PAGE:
Picking the Best Embryo for IVF

Genetic Fingerprint Can ID Embryos Most Likely to Succeed

Medically Reviewed by Louise Chang, MD on May 13, 2008
From the WebMD Archives

May 13, 2008 -- Genetic fingerprinting can find the best embryo in a batch, upping the odds of success for in vitro fertilization with just one implant.

In vitro fertilization, or IVF, has two major drawbacks. The first is that the early embryo doesn't always survive implantation into the womb. To overcome this, doctors often implant several embryos. That leads to the second drawback: multiple pregnancies, which endanger the mother as well as the fetuses.

Because of the problems posed by multiple pregnancies, there's been a trend toward IVF with just a single embryo. But there's no standard way for doctors to pick the embryo most likely to succeed from the others in a batch.

That may soon change. Doctors already can "biopsy" a few cells from early embryos without hurting them. Now researchers at Australia's Monash University show that DNA fingerprints from these cells provide valuable information about the embryo's chances of becoming a baby.

"The ability to select the single, most viable embryo from within a cohort available for transfer will revolutionize the practice of IVF," study researcher Gayle M. Jones says in a news release. This will "not only improve pregnancy rates but eliminate multiple pregnancies and the attendant complications."

Jones and colleagues got genetic fingerprints from early embryos before they were implanted into 48 women undergoing IVF. They also got genetic fingerprints from the 37 babies born to these women, allowing them to tell which embryos succeeded and which failed.

Genetic screening showed that genes involved in several processes that are key to successful implantation -- cell adhesion, cell communication, cellular metabolism, and cell responses to stimuli -- were particularly active in the successful embryos.

"We are developing this technology in order to encourage single-embryo transfer to all patients with a degree of confidence that the embryo being transferred is the best among those available," Jones told WebMD in an email interview.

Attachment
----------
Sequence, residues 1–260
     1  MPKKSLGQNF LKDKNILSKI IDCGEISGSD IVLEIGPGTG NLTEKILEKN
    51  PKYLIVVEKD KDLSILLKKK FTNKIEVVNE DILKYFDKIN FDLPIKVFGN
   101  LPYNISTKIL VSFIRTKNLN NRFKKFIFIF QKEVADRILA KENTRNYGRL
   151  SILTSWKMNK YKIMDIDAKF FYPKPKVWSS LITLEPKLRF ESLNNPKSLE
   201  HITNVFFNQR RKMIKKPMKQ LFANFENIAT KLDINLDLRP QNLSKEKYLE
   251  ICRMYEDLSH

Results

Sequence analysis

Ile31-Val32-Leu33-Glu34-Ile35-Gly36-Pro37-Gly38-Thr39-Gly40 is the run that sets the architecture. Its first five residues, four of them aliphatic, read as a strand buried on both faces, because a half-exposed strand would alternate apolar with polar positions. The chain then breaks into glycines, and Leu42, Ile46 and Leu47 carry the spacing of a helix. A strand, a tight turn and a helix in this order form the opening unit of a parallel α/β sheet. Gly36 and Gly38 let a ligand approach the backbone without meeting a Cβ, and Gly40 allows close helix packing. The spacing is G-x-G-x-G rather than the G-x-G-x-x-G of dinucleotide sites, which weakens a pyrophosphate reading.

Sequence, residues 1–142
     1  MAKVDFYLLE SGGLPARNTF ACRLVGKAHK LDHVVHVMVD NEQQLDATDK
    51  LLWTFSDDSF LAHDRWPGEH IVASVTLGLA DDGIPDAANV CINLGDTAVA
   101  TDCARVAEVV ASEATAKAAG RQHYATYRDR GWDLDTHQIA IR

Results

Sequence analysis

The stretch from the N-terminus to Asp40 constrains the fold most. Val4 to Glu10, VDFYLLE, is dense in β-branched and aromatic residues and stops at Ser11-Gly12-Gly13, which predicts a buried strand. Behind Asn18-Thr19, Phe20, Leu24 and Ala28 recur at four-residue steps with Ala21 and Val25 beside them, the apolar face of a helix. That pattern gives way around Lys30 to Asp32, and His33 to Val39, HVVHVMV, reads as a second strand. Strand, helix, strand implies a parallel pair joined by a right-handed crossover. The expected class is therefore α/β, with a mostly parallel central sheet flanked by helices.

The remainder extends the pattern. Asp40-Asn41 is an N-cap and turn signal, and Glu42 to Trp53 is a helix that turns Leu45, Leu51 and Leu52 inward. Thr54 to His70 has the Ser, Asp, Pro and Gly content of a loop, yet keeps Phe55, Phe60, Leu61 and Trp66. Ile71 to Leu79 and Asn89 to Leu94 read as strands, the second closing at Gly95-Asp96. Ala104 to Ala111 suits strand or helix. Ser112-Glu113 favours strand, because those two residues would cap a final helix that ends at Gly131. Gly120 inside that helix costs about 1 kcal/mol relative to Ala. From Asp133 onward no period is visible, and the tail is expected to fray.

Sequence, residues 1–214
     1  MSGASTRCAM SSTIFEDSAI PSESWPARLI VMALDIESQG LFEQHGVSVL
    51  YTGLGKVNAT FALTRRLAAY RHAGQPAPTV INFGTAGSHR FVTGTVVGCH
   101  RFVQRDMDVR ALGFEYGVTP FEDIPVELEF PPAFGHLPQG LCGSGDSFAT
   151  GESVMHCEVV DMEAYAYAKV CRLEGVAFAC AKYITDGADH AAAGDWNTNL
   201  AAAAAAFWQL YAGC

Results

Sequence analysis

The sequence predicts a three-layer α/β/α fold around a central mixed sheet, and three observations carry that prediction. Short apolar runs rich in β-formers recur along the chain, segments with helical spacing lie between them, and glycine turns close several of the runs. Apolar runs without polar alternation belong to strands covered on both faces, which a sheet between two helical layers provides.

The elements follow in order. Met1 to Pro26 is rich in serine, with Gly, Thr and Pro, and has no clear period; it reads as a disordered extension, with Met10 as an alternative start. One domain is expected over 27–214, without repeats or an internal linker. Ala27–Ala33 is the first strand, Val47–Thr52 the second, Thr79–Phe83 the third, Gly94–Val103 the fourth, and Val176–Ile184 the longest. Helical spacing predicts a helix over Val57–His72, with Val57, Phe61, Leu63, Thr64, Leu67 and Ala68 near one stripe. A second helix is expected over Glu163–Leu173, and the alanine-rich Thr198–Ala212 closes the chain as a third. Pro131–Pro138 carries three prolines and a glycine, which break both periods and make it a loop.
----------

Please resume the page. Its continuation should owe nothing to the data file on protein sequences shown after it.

Larger studies will be needed to fine-tune the technique. These studies will compare the genes of successful embryos to those of failed embryos. Such studies should give doctors the genetic-fingerprint profile of embryos destined for success.

"I expect that it will be at least two years from now to know the genes that are most predictive and to have refined this to a simple laboratory test that can be performed within the clinics," Jones says.

George Attia, MD, director of reproductive endocrinology and infertility at the University of Miami, is familiar with the work of Jones' team. Attia was not involved in the study.

"It is an exciting new idea," Attia tells WebMD. "It is still very early, but it is a promising idea. This would give us a more objective way to judge which embryos will implant and which will not."

Jones and colleagues report their findings in the May 14 online issue of Human Reproduction.

Show Sources


Jones, G.M. Human Reproduction, May 14, 2008; manuscript received ahead of print.

News release, Human Reproduction.

Email from Gayle M. Jones, senior research scientist, Monash Immunology and Stem Cell Laboratories, Monash University, Clayton, Australia.

George Attia, MD, director of reproductive endocrinology and infertility, University of Miami Miller School of Medicine.

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